interest rates

How Can I Get a Lower Interest Rate on my Husband’s Student Loans?

Q: “I’m going crazy trying to pay my husband’s student loans off. He got three loans in the 1980s at eight percent. He has done several deferments and has acquired thousands in interest. I was behind several times, but I have everything current now. I consolidated the three loans and want to get a lower interest rate. I have tried everything. The AES told me that, because my husband got these loans in the ’80s, that he can never get a lower interest rate. What can we do? How can we get a lower interest rate on student loans?

A: First of all, I’m a little concerned that you’ve taken on, it seems, almost full and exclusive responsibilities for paying off your husband’s student loans. Not that a wife shouldn’t, obviously, be financially supportive of her mate. I always encourage that. But the level of ownership that you seem to have taken in this issue suggests that your husband has perhaps abdicated some of that responsibility to you, or for whatever reason, you’ve taken it on.

You said, “I’m going crazy trying to pay my husband’s loans. I was behind. I have everything current, I consolidated. I have tried everything.” All of that, to me, indicates that your husband isn’t very active in this process. And I frankly think he should be, considering he’s the one who got the loans.

Having said all that, let me get to the heart of the issue here, which is that you want to get a lower rate. Now, you didn’t indicate whether or not your husband’s loans were federal student loans or private loans, which definitely makes a difference. I’m assuming, however, that he probably got federal loans. I don’t know this to be the case but, again, I’m just making the assumption.

If you want to get a lower rate on those federal student loans, consolidation is one way in which you can do that. However, you’ve indicated that you’ve already taken that step. You’ve already consolidated. If you consolidate again, generally speaking, that’s not a possible process. However, it is possible to consolidate again if you actually acquire a new loan.

I know this seems outrageous. However, sometimes people do, for whatever reason, want to go back to school to take another class, to finish up a degree they hadn’t finished up, to perhaps get an advanced degree, et cetera. So if it’s the case that perhaps your husband is looking to go to school for whatever reason, and he took out another loan, that loan could be rolled into, or re-consolidated again, and you could get a lower interest rate that way.

The representative who told you that, simply because he got these loans in the 1980s, he can never get a lower rate, that’s actually not true. Again, you haven’t told me what types of loans these were. So I’m not at liberty to comment on specifics about whether or not these were Stafford loans, for example, which are some of the more common federal loans that are given to people. Some Stafford loans are subsidized loans, meaning that the government pays the interest on the student loans while the person is in school. Unsubsidized loans are those in which the government isn’t underwriting any portion of it.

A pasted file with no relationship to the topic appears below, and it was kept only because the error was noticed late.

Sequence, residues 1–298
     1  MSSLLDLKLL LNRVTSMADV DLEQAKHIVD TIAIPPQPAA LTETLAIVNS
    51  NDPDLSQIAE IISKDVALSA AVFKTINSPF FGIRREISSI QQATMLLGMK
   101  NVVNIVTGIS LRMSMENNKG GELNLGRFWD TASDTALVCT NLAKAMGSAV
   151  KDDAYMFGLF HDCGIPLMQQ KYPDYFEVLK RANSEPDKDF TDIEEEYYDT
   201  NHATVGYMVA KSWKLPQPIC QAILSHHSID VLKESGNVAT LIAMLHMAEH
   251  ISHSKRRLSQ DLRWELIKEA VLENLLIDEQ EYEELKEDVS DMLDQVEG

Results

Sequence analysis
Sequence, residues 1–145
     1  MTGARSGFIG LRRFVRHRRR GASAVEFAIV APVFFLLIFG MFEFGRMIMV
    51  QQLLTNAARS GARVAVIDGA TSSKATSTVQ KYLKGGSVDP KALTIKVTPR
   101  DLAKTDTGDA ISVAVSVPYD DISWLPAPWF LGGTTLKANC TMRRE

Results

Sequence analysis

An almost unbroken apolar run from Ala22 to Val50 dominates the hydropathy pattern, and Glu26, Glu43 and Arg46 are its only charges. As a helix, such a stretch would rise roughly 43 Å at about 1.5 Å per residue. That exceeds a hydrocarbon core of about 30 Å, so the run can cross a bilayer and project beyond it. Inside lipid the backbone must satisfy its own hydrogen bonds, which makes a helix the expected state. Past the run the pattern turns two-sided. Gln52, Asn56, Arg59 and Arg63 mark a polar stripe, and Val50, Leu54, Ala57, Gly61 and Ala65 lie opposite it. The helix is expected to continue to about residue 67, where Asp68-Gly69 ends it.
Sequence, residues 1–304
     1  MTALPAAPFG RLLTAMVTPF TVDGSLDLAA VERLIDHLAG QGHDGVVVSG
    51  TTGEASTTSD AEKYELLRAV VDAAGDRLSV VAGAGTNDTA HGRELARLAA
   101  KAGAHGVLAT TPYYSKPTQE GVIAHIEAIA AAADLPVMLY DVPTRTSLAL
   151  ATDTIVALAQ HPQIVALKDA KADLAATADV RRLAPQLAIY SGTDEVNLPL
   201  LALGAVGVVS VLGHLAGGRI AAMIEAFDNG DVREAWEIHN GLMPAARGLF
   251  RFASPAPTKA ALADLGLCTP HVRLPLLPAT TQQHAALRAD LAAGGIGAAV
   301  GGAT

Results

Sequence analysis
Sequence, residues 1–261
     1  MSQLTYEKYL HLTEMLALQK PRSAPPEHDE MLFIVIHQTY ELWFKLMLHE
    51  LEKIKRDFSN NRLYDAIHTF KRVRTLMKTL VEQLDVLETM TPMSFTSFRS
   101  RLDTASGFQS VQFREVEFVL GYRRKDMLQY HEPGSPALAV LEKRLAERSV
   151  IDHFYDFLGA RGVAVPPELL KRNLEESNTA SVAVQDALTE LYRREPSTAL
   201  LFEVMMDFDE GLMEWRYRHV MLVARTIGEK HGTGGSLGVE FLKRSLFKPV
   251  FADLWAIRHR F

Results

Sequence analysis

The fact that your husband has also already received multiple deferments, you need to be aware that that is also costing you money. You’ve indicated, of course, that those loans have accrued thousands of dollars in interest. Other mechanisms that may be available to you include forbearance, in addition to deferment options. You may be able to get a hardship deferment of sorts from your lender. The best strategy, though, is to contact your lender or your loan servicer, and explain to them in detail your financial situation.

I don’t know the particulars of your and your husband’s income, nor do I know, of course, your expenses. But some lenders and loan servicers will allow you to have hardship forbearances, or hardship deferments, if you’re particularly cash-strapped and can’t pay those student loans. Needless to say, this is something he’s been grappling with for, it sounds like 20 to 25-plus years, so you definitely want to see about knocking out those student loans as quickly as possible.

Finally, you should know that, with federal student loans, there are four different types of loan repayment programs that are available to you. There’s the standard loan repayment program, the income contingent repayment program, the extended loan repayment program is another, and the graduated repayment program is the fourth.

I would encourage you to check out my web site, the blog AskTheMoneyCoach.com, and do a keyword search for student loans. And then you’ll see a wealth of additional information and articles that I’ve written on this topic, including some tips about how to get the federal government to pay off up to $60,000 worth of your federal student loans. That’s through the federal student loan repayment program.

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